How real are your characters to you? Do they ever surprise you? Is there a character you relate to more than others?

Some characters are more demanding than others. It wasn't until I gave in to a character in "Living Underground" that I was able to move the second half of the book into a much better story. I was surprised but that is the joy of writing for me -- discovery.

Are there any new “up and coming” authors that have grasped your interest that we should watch for?

I'm a member of a 10-member critique group -- Critical Ms -- and each and every one of them is producing compelling work of a wide range of genres.

What do you do when not writing?

I love our Haliburton County cottage property -- we're next to a river and surrounded by giant pines and mixed forests. Perfect for thinking. Before that, we camped quite a bit. My family is central to my joy so they come first; thankfully, I have their constant support to write. I enjoy film, including foreign films and early classics, plays, opera and a wide range of stage productions. And I've played cards with essentially the same group of women for 20 years. They all want me to write a book about "The Card Ladies." ;)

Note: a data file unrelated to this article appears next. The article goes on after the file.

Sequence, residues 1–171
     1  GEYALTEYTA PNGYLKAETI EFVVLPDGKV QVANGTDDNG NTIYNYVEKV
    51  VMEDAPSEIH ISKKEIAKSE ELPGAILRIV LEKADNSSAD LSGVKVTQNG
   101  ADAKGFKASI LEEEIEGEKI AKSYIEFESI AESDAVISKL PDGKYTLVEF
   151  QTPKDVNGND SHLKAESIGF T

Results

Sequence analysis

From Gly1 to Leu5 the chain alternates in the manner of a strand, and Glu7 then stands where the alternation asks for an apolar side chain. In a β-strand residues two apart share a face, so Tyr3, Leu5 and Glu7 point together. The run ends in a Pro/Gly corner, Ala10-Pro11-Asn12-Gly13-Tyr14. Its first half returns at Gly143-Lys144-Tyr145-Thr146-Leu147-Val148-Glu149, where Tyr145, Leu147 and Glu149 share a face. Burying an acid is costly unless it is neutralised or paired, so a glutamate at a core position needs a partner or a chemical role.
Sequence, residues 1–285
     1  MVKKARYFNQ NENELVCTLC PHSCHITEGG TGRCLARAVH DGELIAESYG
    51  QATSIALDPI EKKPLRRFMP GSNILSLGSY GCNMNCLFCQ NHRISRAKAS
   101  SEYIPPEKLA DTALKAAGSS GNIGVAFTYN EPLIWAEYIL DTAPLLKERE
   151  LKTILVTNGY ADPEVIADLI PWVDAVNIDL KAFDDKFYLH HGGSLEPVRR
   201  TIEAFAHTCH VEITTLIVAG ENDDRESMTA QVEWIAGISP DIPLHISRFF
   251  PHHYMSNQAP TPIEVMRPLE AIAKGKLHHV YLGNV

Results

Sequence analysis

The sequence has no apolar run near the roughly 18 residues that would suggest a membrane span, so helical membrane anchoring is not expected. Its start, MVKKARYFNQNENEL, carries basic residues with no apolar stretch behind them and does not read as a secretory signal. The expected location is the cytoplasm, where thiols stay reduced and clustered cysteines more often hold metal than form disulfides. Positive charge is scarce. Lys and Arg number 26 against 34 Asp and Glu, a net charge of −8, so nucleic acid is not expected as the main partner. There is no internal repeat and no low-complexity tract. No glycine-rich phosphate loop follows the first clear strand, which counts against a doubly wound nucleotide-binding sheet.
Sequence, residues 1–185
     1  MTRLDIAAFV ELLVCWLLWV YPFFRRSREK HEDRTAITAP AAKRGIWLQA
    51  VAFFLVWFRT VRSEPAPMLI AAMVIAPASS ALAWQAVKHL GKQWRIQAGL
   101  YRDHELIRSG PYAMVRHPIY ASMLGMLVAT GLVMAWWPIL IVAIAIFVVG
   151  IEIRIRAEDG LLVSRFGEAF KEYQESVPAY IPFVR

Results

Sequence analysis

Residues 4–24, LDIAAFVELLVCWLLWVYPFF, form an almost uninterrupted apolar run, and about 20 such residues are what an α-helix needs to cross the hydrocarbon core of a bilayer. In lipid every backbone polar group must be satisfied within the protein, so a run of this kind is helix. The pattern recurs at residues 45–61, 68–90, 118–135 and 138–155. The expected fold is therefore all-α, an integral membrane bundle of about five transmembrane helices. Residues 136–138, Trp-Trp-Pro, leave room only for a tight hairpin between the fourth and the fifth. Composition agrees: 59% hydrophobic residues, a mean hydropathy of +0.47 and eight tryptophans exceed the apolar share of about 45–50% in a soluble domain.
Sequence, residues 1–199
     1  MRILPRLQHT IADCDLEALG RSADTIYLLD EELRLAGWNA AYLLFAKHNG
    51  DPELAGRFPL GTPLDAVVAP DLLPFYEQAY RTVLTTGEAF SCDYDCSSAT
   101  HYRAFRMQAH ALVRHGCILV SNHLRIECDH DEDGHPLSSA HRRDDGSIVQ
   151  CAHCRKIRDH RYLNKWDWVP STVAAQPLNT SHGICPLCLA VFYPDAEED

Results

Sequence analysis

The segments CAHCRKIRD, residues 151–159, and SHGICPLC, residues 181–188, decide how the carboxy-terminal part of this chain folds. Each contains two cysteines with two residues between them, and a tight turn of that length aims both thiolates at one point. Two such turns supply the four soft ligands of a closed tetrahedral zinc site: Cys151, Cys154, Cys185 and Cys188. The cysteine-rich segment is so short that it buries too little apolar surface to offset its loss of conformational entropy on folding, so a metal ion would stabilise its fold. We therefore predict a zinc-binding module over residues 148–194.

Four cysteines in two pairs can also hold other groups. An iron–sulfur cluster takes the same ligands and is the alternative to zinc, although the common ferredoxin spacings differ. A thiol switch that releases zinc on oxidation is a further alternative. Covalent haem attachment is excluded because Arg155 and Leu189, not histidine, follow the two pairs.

Any advice for amateur/developing authors?

Write and read - read widely and with an open mind. Seek out workshops and critique groups that will challenge and excite you as a writer. Learn to refine and edit your work -- this part is the real work of writer. I co-own Writescape with writer/editor Gwynn Scheltema and we teach creative writing workshops and lead retreats for writers of all kinds and at all levels. May I suggest the word "amateur" is perhaps better represented by the word "developing"? We are all developing at various stages along the writing path -- some of us are just a bit further along. Many writers just beginning the journey are already better writers than I will ever be.